The last example, is one the movie spends the least time with. Throughout the film, there are implication made that the character of Vickers, who is the Weyland Corp. representative, has some sort of hidden agenda. That she’s keeping secrets from the rest of the team. She does have an agenda, and it is revealed in a really clunky and awkward way. Vickers is speaking to Weyland late in the film, and she starts talking about the fact that every body dies, and that, “All kings eventually fall. FATHER!”(DUN DUN DUNNNN) Vickers has been waiting for her father to die so she can become the head of the company. Through his death she will be defined and have a true purpose. Up until this point it would seem that her purpose has been to wait until her father dies, but her father doesn’t want to go just yet. In fact, that’s why he funded this excursion. He’s hoping that the engineers will have some sort of key to eternal life. Now, this is the most obtuse connection to ‘Frankenstein‘, but it is there. Squint your eyes if you’re having a hard time! Sorry… Weyland has an obsession with cheating death. You could even say that his creation of the David line of androids is an extension of that obsession. He directly plays both roles of creator and creation. He figures if he could give life to something, and ostensibly create an immortal being, why couldn’t the engineers do the same for him? Sound crazy? Well, he’s a crazy old man! Anyways, that is also part of Dr. Frankensteins’ motivation. He wants to cheat death.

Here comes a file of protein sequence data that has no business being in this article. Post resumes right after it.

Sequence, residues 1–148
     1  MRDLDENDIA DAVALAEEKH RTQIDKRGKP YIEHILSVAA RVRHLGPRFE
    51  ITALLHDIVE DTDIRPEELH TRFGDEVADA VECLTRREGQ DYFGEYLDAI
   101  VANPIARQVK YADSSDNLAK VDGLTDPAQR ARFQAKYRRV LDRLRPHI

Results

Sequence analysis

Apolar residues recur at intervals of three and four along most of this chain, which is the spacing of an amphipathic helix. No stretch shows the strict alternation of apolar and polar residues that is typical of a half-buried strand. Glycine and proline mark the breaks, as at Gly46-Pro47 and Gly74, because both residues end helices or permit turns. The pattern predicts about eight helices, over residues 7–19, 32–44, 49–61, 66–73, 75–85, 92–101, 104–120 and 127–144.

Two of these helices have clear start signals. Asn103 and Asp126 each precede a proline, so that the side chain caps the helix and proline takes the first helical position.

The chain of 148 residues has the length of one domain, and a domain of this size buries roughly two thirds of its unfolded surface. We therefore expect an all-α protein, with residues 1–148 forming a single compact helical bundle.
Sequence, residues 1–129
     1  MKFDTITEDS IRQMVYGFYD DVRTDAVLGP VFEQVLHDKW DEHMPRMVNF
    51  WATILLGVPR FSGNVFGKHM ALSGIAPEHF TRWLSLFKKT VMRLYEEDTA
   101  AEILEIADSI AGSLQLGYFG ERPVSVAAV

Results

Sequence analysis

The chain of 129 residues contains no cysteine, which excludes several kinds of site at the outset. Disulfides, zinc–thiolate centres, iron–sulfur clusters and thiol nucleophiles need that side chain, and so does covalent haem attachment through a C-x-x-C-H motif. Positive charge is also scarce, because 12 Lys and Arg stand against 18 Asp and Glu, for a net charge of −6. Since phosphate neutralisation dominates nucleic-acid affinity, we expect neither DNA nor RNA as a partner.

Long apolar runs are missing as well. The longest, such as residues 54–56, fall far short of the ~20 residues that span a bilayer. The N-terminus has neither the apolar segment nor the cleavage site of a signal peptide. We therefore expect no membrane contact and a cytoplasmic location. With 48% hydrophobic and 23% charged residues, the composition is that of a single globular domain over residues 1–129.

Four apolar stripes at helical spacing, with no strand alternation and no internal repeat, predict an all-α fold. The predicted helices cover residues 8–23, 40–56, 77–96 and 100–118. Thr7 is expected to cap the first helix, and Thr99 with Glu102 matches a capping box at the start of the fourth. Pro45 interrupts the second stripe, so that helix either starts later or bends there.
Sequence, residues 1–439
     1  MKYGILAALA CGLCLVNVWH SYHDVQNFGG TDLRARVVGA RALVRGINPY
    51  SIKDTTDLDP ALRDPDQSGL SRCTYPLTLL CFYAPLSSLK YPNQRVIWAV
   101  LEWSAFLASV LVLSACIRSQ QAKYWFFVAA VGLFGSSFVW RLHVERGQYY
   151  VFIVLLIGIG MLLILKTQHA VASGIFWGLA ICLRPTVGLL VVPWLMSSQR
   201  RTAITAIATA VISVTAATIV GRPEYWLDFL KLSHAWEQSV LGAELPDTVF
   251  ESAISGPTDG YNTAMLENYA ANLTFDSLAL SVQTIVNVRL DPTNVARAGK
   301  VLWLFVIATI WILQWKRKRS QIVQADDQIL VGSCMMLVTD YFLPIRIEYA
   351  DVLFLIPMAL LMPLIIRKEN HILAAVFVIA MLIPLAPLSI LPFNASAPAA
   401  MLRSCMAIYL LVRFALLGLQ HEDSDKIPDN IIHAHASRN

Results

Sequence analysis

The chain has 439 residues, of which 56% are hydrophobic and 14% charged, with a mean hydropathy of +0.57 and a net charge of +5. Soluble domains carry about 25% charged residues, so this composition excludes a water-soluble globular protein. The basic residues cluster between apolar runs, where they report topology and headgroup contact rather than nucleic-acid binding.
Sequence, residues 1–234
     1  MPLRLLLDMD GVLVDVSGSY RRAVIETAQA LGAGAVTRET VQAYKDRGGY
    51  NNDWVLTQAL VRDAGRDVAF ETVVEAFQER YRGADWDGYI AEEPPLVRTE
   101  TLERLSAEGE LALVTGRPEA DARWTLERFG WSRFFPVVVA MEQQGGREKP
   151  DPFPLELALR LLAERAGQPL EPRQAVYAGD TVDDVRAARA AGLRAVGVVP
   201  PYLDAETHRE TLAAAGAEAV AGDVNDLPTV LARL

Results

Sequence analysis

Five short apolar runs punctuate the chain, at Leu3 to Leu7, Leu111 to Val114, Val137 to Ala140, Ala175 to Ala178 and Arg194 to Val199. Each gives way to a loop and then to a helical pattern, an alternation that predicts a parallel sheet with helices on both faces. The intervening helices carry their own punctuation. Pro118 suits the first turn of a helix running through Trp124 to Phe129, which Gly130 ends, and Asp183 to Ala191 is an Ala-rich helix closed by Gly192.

Those are the examples that lead me to believe that the movie is a loose adaptation of ‘Frankenstein‘. If you think about the creator and creation dynamic at play it seems pretty obvious. ‘Prometheus‘ is not a terrible movie, but the fact that it has so many interesting ideas at play and really does nothing with them is pretty frustrating. Having said that, I think the worst thing you’re going to feel after leaving the theater is a sense of being underwhelmed, but it has enough good stuff to make it at least worth the price of admission. On a side note, I would actually recommend the 3D. It uses it in a way that actually enhances the atmosphere rather than use it as a cheap gimmick.